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Chickens & Flocks

How Big of a Chicken Coop Do I Need?

by Alexa Lehr | 09.23.2022
A red hen going up the ramp into her coop with other chickens in the foreground


Like any animal, chickens need space. This is why one of the most important questions when planning your first chicken coop is, “how big of a chicken coop do I need?” Whether you plan on keeping your flock confined or free-ranging them, your chicken coop needs to be the right size for the number of chickens you are raising (or plan to raise). Even if you are limited by how much property you have or the number of chickens you are allowed to keep, having the right size coop for your flock is essential for keeping them happy, healthy and preventing bad behaviors.

Unsure of where to begin? We will cover how much space you need in your chicken coop and chicken run. Plus, we’ll give you some insight into how to plan for the spatial needs of Bantams. 

Why Coop Size Matters

Chickens standing at their coop door

Coop size isn’t just about shelter. Providing a healthy amount of space for each of your flock members improves their overall quality of life. Here is how coop size affects the overall wellbeing of your flock:

Minimizes Stress

Chickens that are not overcrowded in their coop will be less stressed and will be able to establish a more stable pecking order, be more productive, and be happier.  

Prevents Bad Behaviors

Overcrowding in the chicken coop can lead to bad behaviors such as bullying, feather pulling, egg eating (improper number of nesting boxes), and sleeping in the nesting boxes (not enough roosting space).  

Healthier Chickens

Having enough space in the chicken coop can help prevent bad bacteria and harmful microorganisms from building up and causing disease. Plenty of space can also prevent parasites from spreading throughout your flock.   

Keeps the Coop Cleaner

A spacious coop will be easier to keep clean and will minimize droppings build-up which can lead to a stinky, unhealthy coop environment.

How Much Room Do Chickens Need? 

A chicken coop with an enclosure attached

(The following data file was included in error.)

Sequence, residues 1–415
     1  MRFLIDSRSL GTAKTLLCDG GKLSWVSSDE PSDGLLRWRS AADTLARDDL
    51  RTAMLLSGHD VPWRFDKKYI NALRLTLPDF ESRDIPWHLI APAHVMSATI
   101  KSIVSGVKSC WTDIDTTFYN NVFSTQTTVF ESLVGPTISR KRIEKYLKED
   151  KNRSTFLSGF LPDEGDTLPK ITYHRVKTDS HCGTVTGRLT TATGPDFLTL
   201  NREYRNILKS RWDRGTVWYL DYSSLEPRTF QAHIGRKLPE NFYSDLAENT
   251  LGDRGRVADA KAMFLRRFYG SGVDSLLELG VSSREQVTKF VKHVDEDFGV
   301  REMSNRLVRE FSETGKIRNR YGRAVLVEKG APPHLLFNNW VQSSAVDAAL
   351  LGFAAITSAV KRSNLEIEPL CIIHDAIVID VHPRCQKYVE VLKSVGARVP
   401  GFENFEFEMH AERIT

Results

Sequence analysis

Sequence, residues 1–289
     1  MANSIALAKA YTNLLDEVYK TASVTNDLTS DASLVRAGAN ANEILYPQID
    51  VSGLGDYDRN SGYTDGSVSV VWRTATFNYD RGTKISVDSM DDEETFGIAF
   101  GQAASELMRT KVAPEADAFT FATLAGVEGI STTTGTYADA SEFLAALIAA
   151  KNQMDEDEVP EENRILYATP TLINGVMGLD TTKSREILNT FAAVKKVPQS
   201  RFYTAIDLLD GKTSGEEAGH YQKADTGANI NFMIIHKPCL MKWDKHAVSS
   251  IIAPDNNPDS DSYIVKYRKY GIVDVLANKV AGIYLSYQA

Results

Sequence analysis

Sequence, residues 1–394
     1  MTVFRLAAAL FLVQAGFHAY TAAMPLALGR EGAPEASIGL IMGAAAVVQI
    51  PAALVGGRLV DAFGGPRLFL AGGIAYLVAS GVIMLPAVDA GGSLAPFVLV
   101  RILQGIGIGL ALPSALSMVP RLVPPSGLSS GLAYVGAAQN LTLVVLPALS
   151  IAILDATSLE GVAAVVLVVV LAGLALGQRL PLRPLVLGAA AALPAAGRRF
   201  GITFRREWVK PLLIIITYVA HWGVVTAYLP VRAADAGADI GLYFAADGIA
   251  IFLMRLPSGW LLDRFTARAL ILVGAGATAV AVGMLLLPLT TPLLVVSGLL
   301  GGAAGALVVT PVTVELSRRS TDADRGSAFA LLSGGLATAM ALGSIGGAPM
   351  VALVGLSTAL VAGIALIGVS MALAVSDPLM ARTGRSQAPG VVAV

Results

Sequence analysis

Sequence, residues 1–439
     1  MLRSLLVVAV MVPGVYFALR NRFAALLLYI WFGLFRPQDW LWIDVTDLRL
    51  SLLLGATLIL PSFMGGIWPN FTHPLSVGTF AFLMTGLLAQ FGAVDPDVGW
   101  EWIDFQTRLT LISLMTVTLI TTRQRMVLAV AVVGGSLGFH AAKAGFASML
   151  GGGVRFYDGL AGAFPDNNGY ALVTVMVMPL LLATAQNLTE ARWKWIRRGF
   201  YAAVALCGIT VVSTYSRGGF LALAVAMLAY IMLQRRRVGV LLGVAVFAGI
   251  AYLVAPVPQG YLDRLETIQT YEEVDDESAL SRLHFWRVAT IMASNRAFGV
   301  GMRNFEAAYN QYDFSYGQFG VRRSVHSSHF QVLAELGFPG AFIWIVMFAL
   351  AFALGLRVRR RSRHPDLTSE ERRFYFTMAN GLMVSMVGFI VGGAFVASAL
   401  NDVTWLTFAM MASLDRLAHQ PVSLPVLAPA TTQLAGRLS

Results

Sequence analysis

There are various factors to take into account when determining the size of your coop. From size to lifestyle, there is rarely a one-size-fits-all approach. The best approach is often to make a list of your flock size, breeds, notes on your climate, city or county ordinances, and available space to build. From there, you can more easily hone in on the best size for your flock using this article.

How Big of a Chicken Coop Do I Need in Relation to My Flock Size?

Chickens will thrive when they are given as much space as possible! However, building a chicken coop mansion is not always possible. There is some good news though! Chickens can still be happy and content when you follow some general guidelines for allowing a certain amount of space per bird in your coop plan.

Coop Space vs. Chicken Run Size

Allowing plenty of space in the chicken coop for each chicken is important, however, the enclosure space is also just as important! Chickens will spend the majority of their time outside when given the chance, so providing your flock with plenty of outdoor enclosure space is almost more important than plenty of coop space.

Enclosure Specifications

You may find that your flock spends more time in their enclosure than they do in the actual chicken coop. Having a spacious enclosure that is bigger than the bare minimum that you need is important for all the same reasons as having a big enough coop. 

When figuring out how much enclosure space you need for your flock, you will want to consider factors such as covering the enclosure and including enrichment in the enclosure. 


Enrichment items such as perches, ramps, tunnels, logs, stumps, and ladders will all take up space, but they can also increase the enclosure’s vertical space as well. Adding enrichment to the enclosure can help keep your flock stimulated and entertained in the enclosure space that they are provided.  

Protection from the Elements